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    @Aerose91 Do you know your B2 status? I've had a tough time with sleep issues and actually titrated up to 7,000mcg MeB12 and 2,000 mcg Folate before advice from another knowledgeable source who'd taken a look at my low B2 levels on a NutrEval test suggested that I didn't have enough B2 to keep all the methylation going. In fact, as soon as I began supplementing with the B2 as FMN and cutting back on the methylation supps (down to half what I was taking) things began to improve.

    It wasn't easy to take the B2 at first. I was sensitive to it as with everything else, so I began with 1/4 tablet for a week, 1/2 the second week, now 3/4. But even in that first week I had some very good nights. Now I'm more tired than I had been and realize just how low on B2 I am. You need B2 in many of its forms--FAD, FMN for many of the cycles we're trying to keep chugging, so it stands to reason...

    Just my recent experience.

    Good luck with unravelling your mystery.
     
    Johnmac likes this.
  10. Aerose91

    Aerose91 Senior Member

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    Actually, the only thing that's ever kind of helped my energy and mood is B2 injections. Since i cant get them anymore i take B2 orally every day- 125 mg but i dont know how much im actually absorbing. I stopped all methyl supp.s and did the doctors data methylatiin panel the other day so am waiting for that to come back before i go further. The effects Freddds protocol had on my brain were enough to get me to hold off for now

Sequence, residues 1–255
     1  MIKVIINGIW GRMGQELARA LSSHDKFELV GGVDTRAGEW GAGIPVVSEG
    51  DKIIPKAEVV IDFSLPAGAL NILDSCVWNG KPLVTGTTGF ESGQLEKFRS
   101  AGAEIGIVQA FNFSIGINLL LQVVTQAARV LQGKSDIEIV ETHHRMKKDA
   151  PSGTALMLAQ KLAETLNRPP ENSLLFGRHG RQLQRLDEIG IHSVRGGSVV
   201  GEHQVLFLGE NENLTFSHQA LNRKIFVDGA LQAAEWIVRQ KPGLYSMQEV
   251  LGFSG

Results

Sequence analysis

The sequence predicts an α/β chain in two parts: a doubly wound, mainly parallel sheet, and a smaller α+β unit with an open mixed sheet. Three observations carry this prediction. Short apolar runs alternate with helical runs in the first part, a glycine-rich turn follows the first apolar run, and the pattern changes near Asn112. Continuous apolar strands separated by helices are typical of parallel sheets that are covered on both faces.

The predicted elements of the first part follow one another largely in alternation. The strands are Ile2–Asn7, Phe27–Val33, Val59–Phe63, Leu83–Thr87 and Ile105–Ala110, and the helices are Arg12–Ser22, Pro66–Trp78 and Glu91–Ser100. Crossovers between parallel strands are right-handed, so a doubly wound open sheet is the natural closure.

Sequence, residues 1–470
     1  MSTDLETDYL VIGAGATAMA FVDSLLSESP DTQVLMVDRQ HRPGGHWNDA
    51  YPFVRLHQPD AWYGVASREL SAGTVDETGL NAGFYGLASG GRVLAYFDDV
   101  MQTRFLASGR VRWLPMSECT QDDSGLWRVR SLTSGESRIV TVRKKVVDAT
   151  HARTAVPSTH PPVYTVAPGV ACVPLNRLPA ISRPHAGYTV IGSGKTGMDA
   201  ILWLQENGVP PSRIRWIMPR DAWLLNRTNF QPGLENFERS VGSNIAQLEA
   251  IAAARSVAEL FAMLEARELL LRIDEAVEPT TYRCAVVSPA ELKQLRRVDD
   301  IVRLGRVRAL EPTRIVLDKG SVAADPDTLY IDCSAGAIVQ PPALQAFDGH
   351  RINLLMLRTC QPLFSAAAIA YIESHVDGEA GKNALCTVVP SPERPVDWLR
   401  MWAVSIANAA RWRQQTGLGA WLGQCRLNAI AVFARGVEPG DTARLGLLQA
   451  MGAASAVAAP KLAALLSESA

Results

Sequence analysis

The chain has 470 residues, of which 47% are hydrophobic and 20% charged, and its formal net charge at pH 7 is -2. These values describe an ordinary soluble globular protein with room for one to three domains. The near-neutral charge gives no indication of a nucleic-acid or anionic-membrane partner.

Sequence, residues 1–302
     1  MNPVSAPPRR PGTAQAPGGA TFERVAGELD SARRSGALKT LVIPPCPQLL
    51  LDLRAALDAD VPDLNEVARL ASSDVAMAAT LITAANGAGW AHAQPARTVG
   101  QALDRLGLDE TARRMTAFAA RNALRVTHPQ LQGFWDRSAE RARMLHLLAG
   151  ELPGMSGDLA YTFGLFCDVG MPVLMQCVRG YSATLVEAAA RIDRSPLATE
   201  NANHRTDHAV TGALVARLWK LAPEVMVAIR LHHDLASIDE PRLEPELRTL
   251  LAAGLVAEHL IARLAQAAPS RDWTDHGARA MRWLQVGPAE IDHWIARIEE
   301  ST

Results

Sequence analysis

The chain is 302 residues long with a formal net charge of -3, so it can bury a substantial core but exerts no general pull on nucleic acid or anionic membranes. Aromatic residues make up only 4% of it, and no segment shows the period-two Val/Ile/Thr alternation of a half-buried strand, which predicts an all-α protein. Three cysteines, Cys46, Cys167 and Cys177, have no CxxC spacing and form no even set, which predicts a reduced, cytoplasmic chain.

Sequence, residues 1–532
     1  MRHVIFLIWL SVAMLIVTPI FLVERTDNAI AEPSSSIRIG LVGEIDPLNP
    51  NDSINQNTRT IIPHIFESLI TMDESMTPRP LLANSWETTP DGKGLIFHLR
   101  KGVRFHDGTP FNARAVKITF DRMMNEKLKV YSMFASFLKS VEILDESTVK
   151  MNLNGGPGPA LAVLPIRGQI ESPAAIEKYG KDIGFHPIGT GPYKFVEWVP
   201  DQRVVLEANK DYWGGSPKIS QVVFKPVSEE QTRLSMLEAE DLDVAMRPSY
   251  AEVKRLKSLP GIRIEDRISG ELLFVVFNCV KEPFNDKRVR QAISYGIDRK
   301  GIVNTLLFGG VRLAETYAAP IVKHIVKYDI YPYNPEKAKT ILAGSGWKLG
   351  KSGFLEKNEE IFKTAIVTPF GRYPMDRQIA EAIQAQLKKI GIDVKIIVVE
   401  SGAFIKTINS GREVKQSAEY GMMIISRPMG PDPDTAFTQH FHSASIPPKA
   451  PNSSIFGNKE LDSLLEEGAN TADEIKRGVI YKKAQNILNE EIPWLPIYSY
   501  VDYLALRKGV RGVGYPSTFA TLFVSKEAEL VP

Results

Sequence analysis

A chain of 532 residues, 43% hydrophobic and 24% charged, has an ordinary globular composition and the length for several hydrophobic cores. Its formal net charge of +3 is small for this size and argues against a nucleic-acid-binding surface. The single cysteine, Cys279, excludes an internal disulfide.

Kathevans likes this.
  11. Kathevans

    Kathevans Senior Member

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    It will be interesting to see what's going on...

    I've also used niacin at night--though you have to time it to allow for the disturbance of the flush (for me this is about an hour from ingestion). This can suffuse my mind and body with calm. It's not always the answer, but at times it can give me four hours straight of lovely sleep...

    As @sregan mentions, LTryptophan, particularly with a bit of B6 can be terrific for sleep. I took some just last night when my brain wasn't going anywhere near sleep... Source Naturals has a great product with a bit of B6 I. It. Just 1/2 was all I needed to return to sleep for another 3 1/2 hours.
     
  12. manna

    manna Senior Member

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    I've spoken with a fair few folk with M.E./CFS who awaken at the same time, often within minutes, most nights. I'm sure you can look to the meridian clock in Chin. Med. to find what is causing it. Between 3-5 is the high phase and repair time for the lung meridian. It's telling that you're awake for 2 hours as each meridian has a 2 hour "high phase". For 2 hours prior to the lung phase (1-3 a.m. give or take with daylight savings) is the liver meridian and following, from 5-7 a.m., is the colon/large intestine. Often improving the meridian that goes before &/or after can help. So diet, because food sits longest in the colon, helps the lungs because they are connected, meridian wise.